"Default Prediction Around the World: The Effect of Constraints on Pessimistic Trading"
Assistant Professor Mark Maffett, University of Chicago USA
6th Sep 2013 11:30 am - Room 214/215 Economics and Business Building (H69)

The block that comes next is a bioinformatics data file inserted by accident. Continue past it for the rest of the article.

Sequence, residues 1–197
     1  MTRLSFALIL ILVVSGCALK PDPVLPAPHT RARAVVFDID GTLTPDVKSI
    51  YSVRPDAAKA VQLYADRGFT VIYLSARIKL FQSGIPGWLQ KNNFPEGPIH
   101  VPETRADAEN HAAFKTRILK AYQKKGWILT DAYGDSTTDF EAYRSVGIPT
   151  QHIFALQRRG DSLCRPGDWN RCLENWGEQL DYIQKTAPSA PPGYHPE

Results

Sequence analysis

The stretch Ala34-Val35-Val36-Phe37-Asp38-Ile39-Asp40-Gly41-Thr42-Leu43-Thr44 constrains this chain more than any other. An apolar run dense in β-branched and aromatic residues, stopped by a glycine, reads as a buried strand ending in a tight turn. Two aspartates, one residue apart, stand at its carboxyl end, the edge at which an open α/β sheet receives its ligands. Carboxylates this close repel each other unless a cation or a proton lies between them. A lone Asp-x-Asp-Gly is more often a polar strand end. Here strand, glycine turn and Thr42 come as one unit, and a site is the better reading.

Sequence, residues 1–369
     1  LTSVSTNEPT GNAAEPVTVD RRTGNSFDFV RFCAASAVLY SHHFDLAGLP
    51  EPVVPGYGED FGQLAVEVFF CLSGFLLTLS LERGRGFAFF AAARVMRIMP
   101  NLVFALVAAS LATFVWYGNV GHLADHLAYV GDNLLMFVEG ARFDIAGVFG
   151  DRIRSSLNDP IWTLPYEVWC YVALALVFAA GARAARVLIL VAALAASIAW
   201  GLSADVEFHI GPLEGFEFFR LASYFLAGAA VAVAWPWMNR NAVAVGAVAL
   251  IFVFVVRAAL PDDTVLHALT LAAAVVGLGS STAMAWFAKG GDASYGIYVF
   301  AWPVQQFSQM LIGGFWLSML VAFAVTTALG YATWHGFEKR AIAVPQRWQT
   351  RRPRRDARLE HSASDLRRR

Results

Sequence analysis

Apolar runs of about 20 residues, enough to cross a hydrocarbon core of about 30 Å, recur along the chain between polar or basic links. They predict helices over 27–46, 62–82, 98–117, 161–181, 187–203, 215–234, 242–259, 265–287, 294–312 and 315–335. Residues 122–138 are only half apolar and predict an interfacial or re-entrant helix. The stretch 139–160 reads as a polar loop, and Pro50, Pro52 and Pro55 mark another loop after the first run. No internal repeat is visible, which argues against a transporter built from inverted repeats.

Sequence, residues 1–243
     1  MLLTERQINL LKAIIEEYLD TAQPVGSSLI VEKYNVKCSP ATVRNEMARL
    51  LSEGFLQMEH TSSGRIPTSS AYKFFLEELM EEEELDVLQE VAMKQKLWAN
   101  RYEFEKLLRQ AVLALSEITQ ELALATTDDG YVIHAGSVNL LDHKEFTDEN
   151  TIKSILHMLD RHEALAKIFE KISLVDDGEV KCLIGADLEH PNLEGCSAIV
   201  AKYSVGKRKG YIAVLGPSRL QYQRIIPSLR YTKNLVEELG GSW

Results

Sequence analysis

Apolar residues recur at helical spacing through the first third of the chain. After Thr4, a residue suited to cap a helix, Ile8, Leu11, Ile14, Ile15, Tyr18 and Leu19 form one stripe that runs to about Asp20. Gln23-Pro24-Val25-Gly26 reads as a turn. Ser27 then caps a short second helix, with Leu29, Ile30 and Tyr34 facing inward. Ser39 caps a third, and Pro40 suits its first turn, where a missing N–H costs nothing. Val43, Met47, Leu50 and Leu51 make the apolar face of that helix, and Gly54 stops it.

Research examining cross-country differences in the ability of market participants to accurately assess a firm's likelihood of default using publicly available sources of information is virtually non-existent. This paper examines one potential source of such variation, constraints on pessimistic trading (i.e., trades made in anticipation of future price declines). On average, predictive accuracy is significantly greater in countries where pessimistic trading is less constrained. This relation is further identified using time-series variation in restrictions on short selling and the introduction of put option trading. Consistent with trading constraints limiting the extent to which prices reflect publicly available default risk information, the direct incorporation of accounting information in the default prediction model leads to a larger improvement in accuracy where pessimistic trading is limited. Finally, although fewer constraints consistently lead to more accurate identification of actual defaults, during periods of heightened macroeconomic uncertainty, default prediction models in countries with fewer¿¿ pessimistic trading constraints inaccurately classify a greater proportion of non-default observations.